Unethical Questions to ask in the music industry

There is something wrong with the music industry if it considers paying its interns to be taboo. While you can’t succeed in music without passion, it is equally true that you can’t take passion dollars to the bank.

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Ethics for Musicians: Case Study

choiceNote: the following scenario has been fictionalized, but it is based on an actual event told to me by another musician. All names are completely fictitious and are not meant to resemble any individual or organization.

Bad Whiskey is a four-piece classic rock band that gigs in and around a major metropolitan area of the United States. They’ve been together for a little over 18 months, and they’ve attracted a small following. They’re doing a lot of the things bands are supposed to do: interact with fans on social media, send out email reminders of shows, and post flyers advertising their gigs. Still, they’re frustrated that they haven’t started making better money at the clubs. Most of the time they earn between $300 to $400 a night, but they’re hoping that their third appearance at The Drunken Dromedary, an $800 New Year’s Eve gig, marks a turning point for their fortunes.

It’s Black Friday, and the band’s leader and rhythm guitarist Ian McDarth is out Christmas shopping when he gets a call from the owner of The Four Polo Ponies of the Apocalypse, a club they’ve been trying to get into for the last six months. The owner tells McDarth that he has an opening for their New Year’s Eve bash. About 600 couples will be there, there’s an in-house PA and engineer, and the gig pays $2,000. “Are you interested?” the owner asks McDarth.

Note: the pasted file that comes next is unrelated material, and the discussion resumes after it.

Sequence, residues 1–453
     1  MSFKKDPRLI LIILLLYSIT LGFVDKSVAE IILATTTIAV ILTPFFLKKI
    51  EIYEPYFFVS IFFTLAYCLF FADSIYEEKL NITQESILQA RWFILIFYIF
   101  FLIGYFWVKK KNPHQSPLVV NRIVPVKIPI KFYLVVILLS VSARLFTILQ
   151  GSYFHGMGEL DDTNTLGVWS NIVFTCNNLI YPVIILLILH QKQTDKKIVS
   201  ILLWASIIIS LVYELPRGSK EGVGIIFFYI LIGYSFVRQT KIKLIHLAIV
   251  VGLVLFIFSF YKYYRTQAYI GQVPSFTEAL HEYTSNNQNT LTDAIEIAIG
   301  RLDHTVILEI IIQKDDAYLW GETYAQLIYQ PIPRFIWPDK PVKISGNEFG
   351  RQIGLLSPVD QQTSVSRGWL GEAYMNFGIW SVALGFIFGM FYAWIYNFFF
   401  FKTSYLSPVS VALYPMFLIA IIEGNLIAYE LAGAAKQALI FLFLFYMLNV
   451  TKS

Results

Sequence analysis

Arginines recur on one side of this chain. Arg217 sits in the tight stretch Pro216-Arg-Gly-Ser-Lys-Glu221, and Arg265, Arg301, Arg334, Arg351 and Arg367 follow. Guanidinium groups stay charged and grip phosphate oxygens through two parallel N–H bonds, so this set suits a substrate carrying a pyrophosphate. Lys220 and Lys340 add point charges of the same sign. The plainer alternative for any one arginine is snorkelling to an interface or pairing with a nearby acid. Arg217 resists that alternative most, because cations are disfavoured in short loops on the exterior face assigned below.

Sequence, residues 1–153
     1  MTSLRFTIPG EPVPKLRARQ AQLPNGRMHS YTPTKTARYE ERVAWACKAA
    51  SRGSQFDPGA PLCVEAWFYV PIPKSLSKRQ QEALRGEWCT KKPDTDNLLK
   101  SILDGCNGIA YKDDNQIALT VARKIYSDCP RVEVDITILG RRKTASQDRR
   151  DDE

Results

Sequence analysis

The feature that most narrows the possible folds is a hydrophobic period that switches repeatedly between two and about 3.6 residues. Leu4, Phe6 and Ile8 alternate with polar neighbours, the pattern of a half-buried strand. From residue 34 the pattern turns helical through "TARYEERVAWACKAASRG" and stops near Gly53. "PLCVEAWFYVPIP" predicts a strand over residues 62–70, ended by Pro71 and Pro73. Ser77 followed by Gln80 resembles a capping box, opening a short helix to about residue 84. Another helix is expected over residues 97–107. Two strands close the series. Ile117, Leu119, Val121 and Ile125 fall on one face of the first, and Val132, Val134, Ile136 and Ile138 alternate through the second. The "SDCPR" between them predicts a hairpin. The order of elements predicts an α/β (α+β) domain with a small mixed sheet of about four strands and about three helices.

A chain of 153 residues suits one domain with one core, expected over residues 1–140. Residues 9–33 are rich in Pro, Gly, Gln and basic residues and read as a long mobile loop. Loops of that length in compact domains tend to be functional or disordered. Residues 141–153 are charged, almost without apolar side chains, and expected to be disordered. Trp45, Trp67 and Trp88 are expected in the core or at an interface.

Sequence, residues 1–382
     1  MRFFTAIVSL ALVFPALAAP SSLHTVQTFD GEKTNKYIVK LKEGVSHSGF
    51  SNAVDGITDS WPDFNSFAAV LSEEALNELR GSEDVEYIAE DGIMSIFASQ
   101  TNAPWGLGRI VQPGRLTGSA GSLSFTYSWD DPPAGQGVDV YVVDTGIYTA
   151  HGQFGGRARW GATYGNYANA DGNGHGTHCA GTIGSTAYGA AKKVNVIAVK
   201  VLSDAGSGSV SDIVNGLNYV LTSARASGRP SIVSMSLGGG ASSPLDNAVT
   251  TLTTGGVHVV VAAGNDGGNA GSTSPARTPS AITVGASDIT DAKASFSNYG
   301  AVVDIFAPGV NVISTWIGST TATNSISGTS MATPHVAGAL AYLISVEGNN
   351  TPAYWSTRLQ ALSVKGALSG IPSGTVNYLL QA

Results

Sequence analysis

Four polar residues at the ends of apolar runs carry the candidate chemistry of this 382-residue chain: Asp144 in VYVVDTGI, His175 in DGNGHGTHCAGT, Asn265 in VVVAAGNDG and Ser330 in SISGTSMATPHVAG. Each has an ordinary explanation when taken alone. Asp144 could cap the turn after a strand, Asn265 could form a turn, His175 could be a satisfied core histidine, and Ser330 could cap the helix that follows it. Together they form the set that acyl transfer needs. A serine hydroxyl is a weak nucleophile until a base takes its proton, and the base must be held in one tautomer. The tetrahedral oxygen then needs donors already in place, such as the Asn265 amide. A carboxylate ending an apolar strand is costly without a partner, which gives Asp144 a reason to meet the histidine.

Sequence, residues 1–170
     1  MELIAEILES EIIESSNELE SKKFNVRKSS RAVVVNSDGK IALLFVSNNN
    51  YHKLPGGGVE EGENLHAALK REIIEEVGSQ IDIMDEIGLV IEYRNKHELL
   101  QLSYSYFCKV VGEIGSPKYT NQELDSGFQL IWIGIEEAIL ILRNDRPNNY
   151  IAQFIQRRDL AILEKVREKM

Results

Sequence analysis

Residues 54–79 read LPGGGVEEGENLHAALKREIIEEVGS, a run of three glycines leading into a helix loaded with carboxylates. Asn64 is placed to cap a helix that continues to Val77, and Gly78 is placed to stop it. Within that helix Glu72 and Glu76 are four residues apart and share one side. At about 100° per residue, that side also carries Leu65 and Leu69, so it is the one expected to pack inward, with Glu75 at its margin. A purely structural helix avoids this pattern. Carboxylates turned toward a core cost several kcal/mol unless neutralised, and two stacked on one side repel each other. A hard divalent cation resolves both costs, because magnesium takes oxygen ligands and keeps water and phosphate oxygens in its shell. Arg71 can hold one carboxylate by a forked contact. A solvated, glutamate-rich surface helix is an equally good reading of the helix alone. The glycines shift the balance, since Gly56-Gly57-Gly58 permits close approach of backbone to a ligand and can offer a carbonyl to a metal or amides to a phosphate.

times squareMcDarth assures him that he is interested but tells the owner that he wants to verify the availability of his band members before he commits, and that he’ll call the owner back at seven that night. After he hangs up he calls the other members of Bad Whiskey and tells them to hurry to his house for an emergency band meeting. When the others arrive, McDarth tells them the news. Everyone is excited about the opportunity, but they realize they’d have to cancel their gig at The Drunken Dromedary to take it.

“I don’t feel right about canceling,” says drummer Billy “Crash” Stokes.

“It’s another $300 per man, Crash,” replies lead guitarist Mike Portman. “Besides, we’ve been canceled on before by clubs.”

“Not by The Drunken Dromedary, though,” McDarth says. “What do you say, Jack?”

Bassist Jack Pastor is quiet for a while, then replies, “Guys, you know me and Amy got a baby commin’ in February. I could pay off my car note with the extra money.”

McDarth looks at his watch. “It’s almost 7,” he says to the others, ” and I need to call the owner back. What do I tell him?”

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Images: Top – leadingwithtrust.com; bottom – timessquarenyc.org